Chicken and Ginger Congee
Use bone-in chicken for this recipe.  The skin, bones, and connective tissue are rich in hyaluronic acid, chondroitin, and other building blocks of a healthy digestive tract and properly functioning immune system.

1 cup rice
2-inch piece of fresh ginger root, sliced thinly
1 chicken cut into parts
1 onion or 2 shallots, thinly sliced
6 cups water
1 tsp salt
soy sauce, sesame oil, and cilantro for serving

8-10 hours before eating, place rice, ginger, chicken, onion, and water into a large soup pot on low heat or ideally a slow cooker on low. When you come back 8-10 hours later, you should have a thick porridge.  Remove chicken parts from the porridge.  Remove the skin, then remove the meat from the bones and shred.  Skim the top of the porridge if necessary.  Ladle porridge into bowls and top with shredded chicken.  Garnish with soy sauce, sesame oil, and cilantro to taste.

Inspiration to Cook Seasonally in January?

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What’s for dinner? Now that January is here, it’s getting a little less exciting figuring out what to eat.  We are firmly sandwiched between the festive excesses of December and the first exciting green things to emerge in March.  Additionally, many of us (myself included) are starting to long for a bit of “spring cleaning” after all the heavy foods of the holiday season.  However, despite our crazy see-saw we call Colorado weather, when it comes down to it, January is just a cold month.  With this in mind, true detoxification must be put off until our bodies are warmed enough from the outside world to feel good with the cooling action of cleansing foods (aka, you gotta wait a couple of months).

So, we have to find a way to feed ourselves in a way that is consistent with the season but respects our need for simpler, more wholesome foods.  If you take a look at my article from last year about the basic principles of supporting the body through food for the winter, there are three primary goals: Keep blood sugar balanced, support the endocrine system, and eat foods with bountiful stored energy.  Keeping this in mind, we can easily cut back on rich, refined foods while honoring the body’s need for nutrient density.  Here’s a few tips for jazzing things up a bit in the kitchen during the January lull:

Try Something New
This, of course, is a handy state of mind no matter what time of the year you’re cooking.  However, there are many ways to add variety by experimenting with different members of familiar families of foods.  For example, try out kabocha squash instead of butternut, mung beans instead of black beans, or a new kind of leafy green instead of spinach again.  Last week, my local grocery had a giant pile of a leafy green they called chicory.  Despite the checkers’ inability to even locate a PLU code for it, I brought it home and found some amazing italian recipes (thanks to Mario Batali) for this nutty, escarole-like green. It can also be exciting to discover a new way of preparing basic foods by exploring other culinary traditions.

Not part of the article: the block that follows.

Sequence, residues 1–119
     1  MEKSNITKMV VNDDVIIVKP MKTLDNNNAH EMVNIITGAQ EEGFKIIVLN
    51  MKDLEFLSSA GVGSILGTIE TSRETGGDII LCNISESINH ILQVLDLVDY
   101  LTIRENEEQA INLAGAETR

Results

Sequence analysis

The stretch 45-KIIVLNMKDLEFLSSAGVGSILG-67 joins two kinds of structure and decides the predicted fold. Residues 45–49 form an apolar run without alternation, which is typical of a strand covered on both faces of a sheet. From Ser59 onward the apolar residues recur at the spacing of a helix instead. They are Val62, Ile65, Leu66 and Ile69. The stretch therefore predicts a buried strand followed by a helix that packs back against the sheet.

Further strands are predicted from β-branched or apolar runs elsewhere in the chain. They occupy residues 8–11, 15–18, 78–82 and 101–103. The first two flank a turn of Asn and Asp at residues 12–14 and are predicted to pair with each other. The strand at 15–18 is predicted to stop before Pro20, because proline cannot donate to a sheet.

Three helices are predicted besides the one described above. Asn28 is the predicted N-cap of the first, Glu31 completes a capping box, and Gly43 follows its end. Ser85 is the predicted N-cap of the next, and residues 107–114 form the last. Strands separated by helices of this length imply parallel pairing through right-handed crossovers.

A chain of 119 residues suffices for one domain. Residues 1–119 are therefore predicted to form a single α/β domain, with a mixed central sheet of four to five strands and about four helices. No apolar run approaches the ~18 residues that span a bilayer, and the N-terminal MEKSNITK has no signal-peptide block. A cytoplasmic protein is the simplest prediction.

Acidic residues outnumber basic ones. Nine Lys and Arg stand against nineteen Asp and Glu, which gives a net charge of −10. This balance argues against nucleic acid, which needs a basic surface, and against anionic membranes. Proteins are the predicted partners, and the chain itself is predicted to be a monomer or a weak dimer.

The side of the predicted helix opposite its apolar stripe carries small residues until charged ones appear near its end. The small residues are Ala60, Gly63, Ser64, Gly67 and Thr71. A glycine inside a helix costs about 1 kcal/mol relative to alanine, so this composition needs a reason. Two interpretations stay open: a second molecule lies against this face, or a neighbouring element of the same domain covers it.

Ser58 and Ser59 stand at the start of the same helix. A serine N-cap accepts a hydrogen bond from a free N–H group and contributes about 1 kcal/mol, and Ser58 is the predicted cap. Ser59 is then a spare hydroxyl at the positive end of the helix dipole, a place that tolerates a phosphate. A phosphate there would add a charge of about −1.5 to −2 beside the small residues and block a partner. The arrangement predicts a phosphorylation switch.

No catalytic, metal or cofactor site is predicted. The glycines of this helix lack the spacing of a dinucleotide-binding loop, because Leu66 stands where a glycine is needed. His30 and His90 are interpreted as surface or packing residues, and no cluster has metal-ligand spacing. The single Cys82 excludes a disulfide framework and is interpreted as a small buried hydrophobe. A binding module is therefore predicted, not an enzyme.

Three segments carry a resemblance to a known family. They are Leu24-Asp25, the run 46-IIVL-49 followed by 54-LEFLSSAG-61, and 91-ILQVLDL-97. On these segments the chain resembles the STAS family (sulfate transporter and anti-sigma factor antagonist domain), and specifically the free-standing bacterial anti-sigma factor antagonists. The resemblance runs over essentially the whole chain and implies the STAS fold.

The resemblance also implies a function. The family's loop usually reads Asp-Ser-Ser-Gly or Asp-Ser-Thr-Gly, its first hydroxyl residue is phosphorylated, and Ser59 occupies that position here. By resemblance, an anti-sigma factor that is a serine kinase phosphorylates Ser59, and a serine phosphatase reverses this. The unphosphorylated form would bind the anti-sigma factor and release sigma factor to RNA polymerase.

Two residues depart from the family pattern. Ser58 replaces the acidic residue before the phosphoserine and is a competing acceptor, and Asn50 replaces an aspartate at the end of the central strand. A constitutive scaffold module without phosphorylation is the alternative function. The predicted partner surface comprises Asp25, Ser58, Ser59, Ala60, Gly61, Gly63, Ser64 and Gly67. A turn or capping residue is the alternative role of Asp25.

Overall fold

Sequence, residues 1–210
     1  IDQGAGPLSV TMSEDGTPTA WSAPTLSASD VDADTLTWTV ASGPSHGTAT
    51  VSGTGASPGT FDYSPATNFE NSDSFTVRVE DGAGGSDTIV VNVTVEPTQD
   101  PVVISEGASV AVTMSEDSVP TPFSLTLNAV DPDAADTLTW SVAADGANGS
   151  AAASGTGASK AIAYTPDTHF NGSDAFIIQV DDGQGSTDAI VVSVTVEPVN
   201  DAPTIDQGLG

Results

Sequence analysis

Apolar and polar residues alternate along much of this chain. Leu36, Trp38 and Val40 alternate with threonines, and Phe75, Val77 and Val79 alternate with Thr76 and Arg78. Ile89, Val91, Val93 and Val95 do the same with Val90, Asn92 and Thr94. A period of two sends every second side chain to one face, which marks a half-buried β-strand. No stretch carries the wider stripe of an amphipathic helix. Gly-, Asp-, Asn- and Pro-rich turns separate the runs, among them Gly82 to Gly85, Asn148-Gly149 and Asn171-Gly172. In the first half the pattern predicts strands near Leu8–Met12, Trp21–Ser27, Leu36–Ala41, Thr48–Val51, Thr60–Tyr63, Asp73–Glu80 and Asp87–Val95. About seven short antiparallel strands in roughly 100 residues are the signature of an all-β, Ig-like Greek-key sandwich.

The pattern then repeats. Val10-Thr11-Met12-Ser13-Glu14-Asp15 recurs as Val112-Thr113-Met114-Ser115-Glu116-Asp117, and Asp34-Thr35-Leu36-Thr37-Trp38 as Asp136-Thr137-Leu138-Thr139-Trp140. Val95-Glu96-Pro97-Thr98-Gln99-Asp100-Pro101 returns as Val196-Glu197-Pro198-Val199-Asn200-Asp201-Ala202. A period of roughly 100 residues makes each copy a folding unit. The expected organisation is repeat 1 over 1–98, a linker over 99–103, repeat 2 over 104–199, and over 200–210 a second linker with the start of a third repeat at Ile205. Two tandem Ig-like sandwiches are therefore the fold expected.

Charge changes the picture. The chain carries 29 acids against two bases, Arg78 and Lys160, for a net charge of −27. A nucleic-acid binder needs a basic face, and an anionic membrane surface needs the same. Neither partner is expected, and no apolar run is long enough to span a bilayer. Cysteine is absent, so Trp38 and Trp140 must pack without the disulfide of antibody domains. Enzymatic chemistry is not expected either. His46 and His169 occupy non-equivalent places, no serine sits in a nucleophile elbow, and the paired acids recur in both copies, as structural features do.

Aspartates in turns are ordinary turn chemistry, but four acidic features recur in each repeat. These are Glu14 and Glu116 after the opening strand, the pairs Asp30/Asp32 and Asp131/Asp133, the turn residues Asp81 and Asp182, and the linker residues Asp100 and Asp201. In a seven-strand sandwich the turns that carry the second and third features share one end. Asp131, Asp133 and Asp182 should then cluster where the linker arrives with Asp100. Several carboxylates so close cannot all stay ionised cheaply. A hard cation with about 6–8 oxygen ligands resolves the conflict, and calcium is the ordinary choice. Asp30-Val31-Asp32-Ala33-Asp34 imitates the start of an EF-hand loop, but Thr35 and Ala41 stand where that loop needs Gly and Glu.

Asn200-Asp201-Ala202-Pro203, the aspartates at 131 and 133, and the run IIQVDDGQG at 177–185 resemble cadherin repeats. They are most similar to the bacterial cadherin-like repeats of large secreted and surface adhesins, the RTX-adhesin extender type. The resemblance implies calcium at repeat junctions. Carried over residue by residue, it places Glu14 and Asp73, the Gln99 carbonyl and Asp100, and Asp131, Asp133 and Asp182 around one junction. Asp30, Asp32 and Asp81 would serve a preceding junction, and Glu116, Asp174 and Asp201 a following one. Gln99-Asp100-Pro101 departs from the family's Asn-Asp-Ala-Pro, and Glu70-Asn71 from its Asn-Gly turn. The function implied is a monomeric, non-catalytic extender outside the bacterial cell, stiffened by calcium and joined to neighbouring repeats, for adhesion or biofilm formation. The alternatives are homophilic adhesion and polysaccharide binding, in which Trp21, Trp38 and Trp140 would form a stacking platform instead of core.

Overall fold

Make a Kitchen Garden
There’s not many fresh fruits and veggies coming out the garden these days, but you can bring a little excitement to the table by growing something small in your kitchen window.  Herbs will do well in a pot in a window with good light, or you can use something like an aerogarden to grow vigorous greens, herbs, and even tomatoes.  My father gave me a grow-your-own oyster mushroom kit this year for my birthday, the picture above shows the unexpected and delicious meal that came of it.

Use Your Kitchen Tools
For the time-limited, cooking winter foods can be challenging because often they require extensive cooking times.  A good pressure cooker can cook beets in 10-12 minutes, a pot of dry beans in 20 minutes, or chicken soup from scratch in 25 minutes.  On the opposite end, a crock pot is a super handy way to spend just a few minutes in the morning and come home to a wonderful, rich and warming dinner.  A rice cooker is also a handy way to produce a side dish with minimal thought or effort.

Keep it Simple